We believe, except in specific circumstances, that most children can be most appropriately served in a kinship or foster setting. We'll help the system figure out processes and figure out the high rates of group care. The proportion of kids in group or congregate care varies from state to state, but range from a low of 5% to a high of 30% in some states. There's a difference in child welfare policy in some states that leads to those decisions. We look at practice and financial incentives, and do this jointly with states, to reduce reliance on congregate care.

Marquis Cabrera: What is the Annie E. Casey Foundation doing to advance innovation in the child welfare space? Can you give me 2 or 3 initiatives that you're working on?

Dr. Patrick McCarthy: Through our consulting work, we learned how to use an intensive [practice] model to develop tools that other folks could use. Our models of practice are built from consulting work. We believe: Every child deserves a family. We attempt to help state foster care systems and kinship care systems decrease tendencies to put kids in group care. [Many states] haven't put resources into the foster care system or building a strong kinship care system; instead they rely on group homes. Most of the kids that leave foster care when they reach 18 to 21 entered as teenagers. The reason they entered is because of teenage behavior. For example, a child adopted at 8 years old starts acting up at 14-15, and extended family says that it's more than they signed up for. We have prototyped and come up with ways to develop mechanisms less likely to push kids into foster care.

We supported the development of Casebook - a child welfare information system for workers on the frontline when out in the field. It's cloud-based and very intuitive.

We are funding a tool that supports matching the child's needs with resources that will be effective for them: Kids Insight's Treatment Outcomes Package. What kinds of behaviors does the child see? What kinds of therapeutic interventions work? If you do this with whole systems, workers could see the whole pattern of problems and look at the resources. This will help determine things like if there are problems with substances or a lot of anxiety.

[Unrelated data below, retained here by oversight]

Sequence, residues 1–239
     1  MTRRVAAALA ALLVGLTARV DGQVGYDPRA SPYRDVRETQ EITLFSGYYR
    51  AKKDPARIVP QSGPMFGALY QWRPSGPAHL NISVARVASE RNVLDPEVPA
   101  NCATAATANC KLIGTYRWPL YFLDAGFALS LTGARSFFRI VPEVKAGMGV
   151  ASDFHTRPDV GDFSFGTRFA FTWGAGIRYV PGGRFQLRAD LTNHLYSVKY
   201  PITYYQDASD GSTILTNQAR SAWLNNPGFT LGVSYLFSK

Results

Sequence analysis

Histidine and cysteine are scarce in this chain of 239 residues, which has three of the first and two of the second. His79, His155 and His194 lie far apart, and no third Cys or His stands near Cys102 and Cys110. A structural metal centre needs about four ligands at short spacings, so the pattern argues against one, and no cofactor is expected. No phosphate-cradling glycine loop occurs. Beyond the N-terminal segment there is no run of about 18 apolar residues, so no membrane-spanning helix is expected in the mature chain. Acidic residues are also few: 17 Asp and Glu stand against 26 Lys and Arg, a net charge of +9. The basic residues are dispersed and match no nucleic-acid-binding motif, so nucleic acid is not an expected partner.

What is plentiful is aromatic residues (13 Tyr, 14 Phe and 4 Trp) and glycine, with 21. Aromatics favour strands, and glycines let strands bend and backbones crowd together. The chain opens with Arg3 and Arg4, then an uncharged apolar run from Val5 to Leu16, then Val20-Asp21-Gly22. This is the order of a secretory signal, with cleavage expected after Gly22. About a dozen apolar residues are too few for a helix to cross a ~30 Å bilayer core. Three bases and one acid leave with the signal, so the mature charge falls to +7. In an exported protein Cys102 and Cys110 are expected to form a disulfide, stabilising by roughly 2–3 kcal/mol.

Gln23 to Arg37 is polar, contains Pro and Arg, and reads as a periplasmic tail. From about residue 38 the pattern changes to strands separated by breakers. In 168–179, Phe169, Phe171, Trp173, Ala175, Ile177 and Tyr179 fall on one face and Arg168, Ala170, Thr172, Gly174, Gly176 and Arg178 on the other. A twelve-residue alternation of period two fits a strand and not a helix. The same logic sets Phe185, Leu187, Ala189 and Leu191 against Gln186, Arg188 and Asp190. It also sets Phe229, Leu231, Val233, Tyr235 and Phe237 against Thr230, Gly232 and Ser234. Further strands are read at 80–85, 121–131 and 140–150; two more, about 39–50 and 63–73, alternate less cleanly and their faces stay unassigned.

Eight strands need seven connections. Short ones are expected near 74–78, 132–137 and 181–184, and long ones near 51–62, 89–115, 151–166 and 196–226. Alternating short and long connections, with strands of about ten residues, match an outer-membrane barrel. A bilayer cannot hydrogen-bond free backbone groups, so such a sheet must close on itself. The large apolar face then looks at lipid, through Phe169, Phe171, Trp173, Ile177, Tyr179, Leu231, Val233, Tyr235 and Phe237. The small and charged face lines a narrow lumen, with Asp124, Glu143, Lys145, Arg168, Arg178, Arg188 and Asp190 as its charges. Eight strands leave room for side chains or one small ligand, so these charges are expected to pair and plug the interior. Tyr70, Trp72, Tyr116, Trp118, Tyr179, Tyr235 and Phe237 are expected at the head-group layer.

There are 25,000 children that age out of foster care space each year. The Jim Casey Youth Opportunities Initiative focuses on this. It was separate, but now it's part of the Foundation: present in seventeen states working with private sectors, nonprofits, young people. It is creating opportunities in jobs, education, skill development, and asset development. We have increased funding and focus in this area - not just in child welfare, but also a program called LEAP (Learn and Earn to Achieve Potential) for youth ages 14-25. We're making progress on improving child welfare.

Marquis Cabrera: Do you have a big idea on how foundations can partner with governments better to improve child welfare outcomes?

Dr. Patrick McCarthy: We have a lot of faith and good experience with our consulting model. A lot of foundations should be willing to work with government to provide resources that they don't have. Private industry can bring in private resources. Bring in McKinsey or Anderson and look at the system and improve it because the system doesn't have flexible money to do so.

We are learning about things like brain development, trauma, and toxic stress that can help workers to understand behavior and emotional states of children in their care. I think foundations can help make connections between science and day-to-day decisions.

Most people who don't know the child welfare system assume it's a completely public-run system. They don't recognize that child welfare systems contract with private providers for services. In the past, we were focused on public child welfare - a small group of providers who make the transition from group care to community based and family care sources - not non-profit providers. They can be a resource to other providers.

Bring a few young people together. We have discovered that the one of the most powerful pieces to improving the system is asking young people how they feel and what they need, as well as giving them a voice in the process. We value that young people have a lot of offer here - "Nothing about us without us."